The offices of Angolan weekly Folha 8 have been stripped of their computers, forcing the paper to stop publishing at least for now. (Courtesy A. Neto)
The offices of Angolan weekly Folha 8 have been stripped of their computers, forcing the paper to stop publishing at least for now. (Courtesy A. Neto)

Angolan police raid weekly’s office, seize computers

New York, March 12, 2012–The Committee to Protect Journalists condemns today’s Angolan police raid at the independent weekly Folha 8, which was conducted in connection with a politicized investigation into the publication of a satirical photo montage. Officers confiscated all of Folha 8‘s computers, effectively crippling the operations of one of the country’s two remaining independent publications.

About 15 officers of the Angolan National Directorate of Criminal Investigations arrived at the Luanda offices of Folha 8 at around 1 p.m., the paper’s editor-in-chief, Fernando Baxi, told CPJ. The officials took away about 20 computers from the newsroom, António Setas, the paper’s deputy director, told CPJ. Officials also forced Baxi to remove the battery of his cell phone during the seizure to prevent him from communicating with anyone, Setas said.

In an interview with the Portugal-based news agency LUSA today, Folha 8 editor William Tonet said the raid was connected to a public prosecutor’s December 2011 criminal investigation into the paper’s re-publication of an Internet photo montage lampooning President José Eduardo dos Santos, Vice President Fernando Piedade Dias dos Santos, and Gen. Manuel Helder Vieira Dias Júnior Kopelipa, the military adviser to the president. No formal charges in the investigation have been filed, but the newspaper’s computers could be used as evidence against them in the case, local journalists told CPJ.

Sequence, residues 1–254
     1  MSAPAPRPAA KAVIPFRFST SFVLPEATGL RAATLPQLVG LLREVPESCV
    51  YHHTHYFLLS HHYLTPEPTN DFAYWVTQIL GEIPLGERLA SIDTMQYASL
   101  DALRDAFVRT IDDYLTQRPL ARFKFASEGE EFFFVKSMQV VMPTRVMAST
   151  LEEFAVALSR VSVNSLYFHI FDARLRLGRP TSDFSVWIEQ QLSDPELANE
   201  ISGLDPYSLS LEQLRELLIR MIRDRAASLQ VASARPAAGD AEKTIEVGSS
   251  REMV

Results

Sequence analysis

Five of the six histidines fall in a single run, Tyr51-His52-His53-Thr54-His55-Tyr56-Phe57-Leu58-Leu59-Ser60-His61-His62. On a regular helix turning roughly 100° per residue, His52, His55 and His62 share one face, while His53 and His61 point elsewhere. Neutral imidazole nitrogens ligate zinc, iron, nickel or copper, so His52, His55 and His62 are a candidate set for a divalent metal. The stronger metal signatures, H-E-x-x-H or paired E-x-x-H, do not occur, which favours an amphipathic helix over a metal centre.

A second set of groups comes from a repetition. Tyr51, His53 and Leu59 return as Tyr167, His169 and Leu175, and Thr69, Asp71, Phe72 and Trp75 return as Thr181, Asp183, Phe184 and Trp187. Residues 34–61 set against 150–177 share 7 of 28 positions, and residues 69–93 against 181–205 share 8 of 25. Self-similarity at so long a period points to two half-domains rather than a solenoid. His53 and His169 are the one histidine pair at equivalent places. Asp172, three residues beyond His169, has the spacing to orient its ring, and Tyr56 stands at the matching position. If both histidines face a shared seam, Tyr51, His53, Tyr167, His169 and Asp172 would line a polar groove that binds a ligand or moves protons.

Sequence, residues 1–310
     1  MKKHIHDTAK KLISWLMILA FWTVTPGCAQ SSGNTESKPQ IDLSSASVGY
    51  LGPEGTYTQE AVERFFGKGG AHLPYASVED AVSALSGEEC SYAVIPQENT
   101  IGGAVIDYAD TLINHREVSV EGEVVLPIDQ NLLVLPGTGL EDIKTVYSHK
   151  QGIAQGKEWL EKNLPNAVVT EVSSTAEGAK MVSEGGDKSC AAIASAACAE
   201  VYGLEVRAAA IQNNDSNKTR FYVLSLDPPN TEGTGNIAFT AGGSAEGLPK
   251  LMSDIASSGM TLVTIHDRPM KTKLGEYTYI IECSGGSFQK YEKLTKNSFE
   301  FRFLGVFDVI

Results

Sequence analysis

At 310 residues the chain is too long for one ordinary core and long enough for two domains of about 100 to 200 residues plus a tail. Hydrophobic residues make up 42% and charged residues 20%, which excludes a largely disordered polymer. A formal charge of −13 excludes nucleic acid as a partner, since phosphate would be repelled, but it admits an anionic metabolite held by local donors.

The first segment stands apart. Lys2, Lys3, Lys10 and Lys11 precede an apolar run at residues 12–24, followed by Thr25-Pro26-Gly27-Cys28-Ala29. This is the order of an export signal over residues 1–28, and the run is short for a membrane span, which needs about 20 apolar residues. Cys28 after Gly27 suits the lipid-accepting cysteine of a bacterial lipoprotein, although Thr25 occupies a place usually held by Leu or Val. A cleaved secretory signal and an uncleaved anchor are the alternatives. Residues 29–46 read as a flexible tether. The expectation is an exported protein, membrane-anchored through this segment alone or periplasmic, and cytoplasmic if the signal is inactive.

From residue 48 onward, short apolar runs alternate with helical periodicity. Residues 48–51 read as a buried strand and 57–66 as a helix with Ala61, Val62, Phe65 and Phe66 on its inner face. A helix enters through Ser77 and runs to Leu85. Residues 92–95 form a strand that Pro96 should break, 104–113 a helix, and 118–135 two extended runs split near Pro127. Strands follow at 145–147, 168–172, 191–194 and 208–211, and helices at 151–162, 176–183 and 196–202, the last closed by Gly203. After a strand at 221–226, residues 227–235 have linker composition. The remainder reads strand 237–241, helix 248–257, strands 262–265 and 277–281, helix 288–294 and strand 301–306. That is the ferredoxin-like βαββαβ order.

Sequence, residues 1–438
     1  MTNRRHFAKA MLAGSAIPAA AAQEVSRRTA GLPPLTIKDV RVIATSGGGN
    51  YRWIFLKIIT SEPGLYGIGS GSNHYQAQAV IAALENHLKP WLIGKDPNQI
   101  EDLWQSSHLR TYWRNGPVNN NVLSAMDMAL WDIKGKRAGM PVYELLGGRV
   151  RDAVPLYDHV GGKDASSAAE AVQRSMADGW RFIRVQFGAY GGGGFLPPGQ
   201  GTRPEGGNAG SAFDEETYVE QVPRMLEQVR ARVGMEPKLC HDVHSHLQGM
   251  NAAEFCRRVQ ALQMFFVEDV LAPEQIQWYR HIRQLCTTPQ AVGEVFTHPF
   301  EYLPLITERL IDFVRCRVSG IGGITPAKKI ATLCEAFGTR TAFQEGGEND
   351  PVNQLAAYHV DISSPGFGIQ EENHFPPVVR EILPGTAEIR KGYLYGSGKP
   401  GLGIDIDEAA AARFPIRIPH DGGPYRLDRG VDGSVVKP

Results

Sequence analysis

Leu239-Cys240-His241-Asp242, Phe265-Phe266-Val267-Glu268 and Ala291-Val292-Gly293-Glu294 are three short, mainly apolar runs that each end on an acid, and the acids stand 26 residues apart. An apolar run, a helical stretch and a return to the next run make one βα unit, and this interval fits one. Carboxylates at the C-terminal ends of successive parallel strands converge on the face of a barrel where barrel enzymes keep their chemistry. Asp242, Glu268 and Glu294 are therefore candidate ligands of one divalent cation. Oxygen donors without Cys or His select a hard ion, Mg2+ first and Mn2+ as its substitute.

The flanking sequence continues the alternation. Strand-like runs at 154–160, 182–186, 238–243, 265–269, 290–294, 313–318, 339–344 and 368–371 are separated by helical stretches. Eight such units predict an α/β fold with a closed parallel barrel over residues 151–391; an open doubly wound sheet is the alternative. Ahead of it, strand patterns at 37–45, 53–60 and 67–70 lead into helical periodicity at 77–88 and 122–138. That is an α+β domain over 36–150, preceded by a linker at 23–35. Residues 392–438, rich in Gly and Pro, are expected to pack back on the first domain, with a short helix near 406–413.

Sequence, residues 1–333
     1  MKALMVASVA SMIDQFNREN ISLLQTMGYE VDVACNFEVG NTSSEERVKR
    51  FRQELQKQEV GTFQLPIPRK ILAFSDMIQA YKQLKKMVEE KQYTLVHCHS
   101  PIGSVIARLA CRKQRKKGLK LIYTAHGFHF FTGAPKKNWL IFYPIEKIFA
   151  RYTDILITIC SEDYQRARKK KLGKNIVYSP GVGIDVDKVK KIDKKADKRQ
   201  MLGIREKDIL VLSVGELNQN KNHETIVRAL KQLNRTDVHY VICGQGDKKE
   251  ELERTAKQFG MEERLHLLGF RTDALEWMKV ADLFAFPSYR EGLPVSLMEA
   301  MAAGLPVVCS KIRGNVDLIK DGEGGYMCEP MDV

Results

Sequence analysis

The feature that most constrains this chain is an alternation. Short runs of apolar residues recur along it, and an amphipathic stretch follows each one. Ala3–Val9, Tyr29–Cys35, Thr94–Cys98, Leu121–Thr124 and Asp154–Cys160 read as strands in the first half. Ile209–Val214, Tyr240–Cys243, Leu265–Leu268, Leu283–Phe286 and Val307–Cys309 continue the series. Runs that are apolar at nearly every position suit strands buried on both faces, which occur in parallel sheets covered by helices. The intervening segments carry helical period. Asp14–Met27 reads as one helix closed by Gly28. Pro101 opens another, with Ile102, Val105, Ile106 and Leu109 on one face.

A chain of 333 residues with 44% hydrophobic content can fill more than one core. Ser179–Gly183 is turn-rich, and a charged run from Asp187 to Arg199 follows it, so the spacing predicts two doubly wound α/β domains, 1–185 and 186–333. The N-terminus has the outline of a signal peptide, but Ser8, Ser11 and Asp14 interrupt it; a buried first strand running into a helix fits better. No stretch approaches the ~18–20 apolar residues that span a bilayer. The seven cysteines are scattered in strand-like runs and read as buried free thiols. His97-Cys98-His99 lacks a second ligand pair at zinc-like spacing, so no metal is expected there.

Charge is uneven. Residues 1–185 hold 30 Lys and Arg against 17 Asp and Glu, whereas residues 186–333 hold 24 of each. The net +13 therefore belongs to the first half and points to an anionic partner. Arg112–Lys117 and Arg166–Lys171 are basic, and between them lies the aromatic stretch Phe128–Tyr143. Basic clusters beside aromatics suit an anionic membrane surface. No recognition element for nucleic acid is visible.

CPJ obtained a copy of the search and seizure warrant signed by Public Prosecutor João Vemba Coca, which called on Angolan police to seize all computers and tools used to commit “acts that constitute the crime of outrage against the state, the person of the president, and the organs of the executive.” Folha 8 has reported on government corruption and has also covered the recent anti-government protests challenging Dos Santos’ 32 years of rule, according to CPJ research. Without its computers, the paper is unable to publish.

Angolan police spokesman Carmo Neto did not immediately return CPJ’s calls for comment.

“The seizure of Folha 8‘s computers is a crude act of censorship meant to silence one of the few remaining independent news outlets in Angola,” said CPJ Africa Advocacy Coordinator Mohamed Keita. “Satire is not an outrage against the state–it’s an important part of robust debate in a free society. We call on authorities to return Folha 8‘s equipment at once and put an end to this politically motivated investigation.”

Journalists at Folha 8 have been targeted before. In October 2011, authorities handed Tonet a one-year suspended prison sentence and a fine of 10 million kwanza (US$105,000), which he is still appealing. The journalist had written stories alleging corruption and abuse of power by five senior officials close to Dos Santos, according to local journalists.

EDITOR’S NOTE: This alert has been modified to reflect that Tonet was given a one-year suspended prison sentence and a 10 million kwanza fine in October 2011, not 2010.